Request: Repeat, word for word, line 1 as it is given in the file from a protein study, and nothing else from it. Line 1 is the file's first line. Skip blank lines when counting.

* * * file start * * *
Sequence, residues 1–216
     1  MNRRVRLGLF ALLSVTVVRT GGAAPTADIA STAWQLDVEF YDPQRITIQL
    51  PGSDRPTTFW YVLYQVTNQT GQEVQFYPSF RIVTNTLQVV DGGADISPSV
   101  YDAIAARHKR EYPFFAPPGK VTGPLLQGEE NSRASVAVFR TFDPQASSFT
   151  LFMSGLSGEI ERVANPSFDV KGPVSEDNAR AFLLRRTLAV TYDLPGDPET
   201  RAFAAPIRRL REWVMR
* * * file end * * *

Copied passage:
Sequence, residues 1–216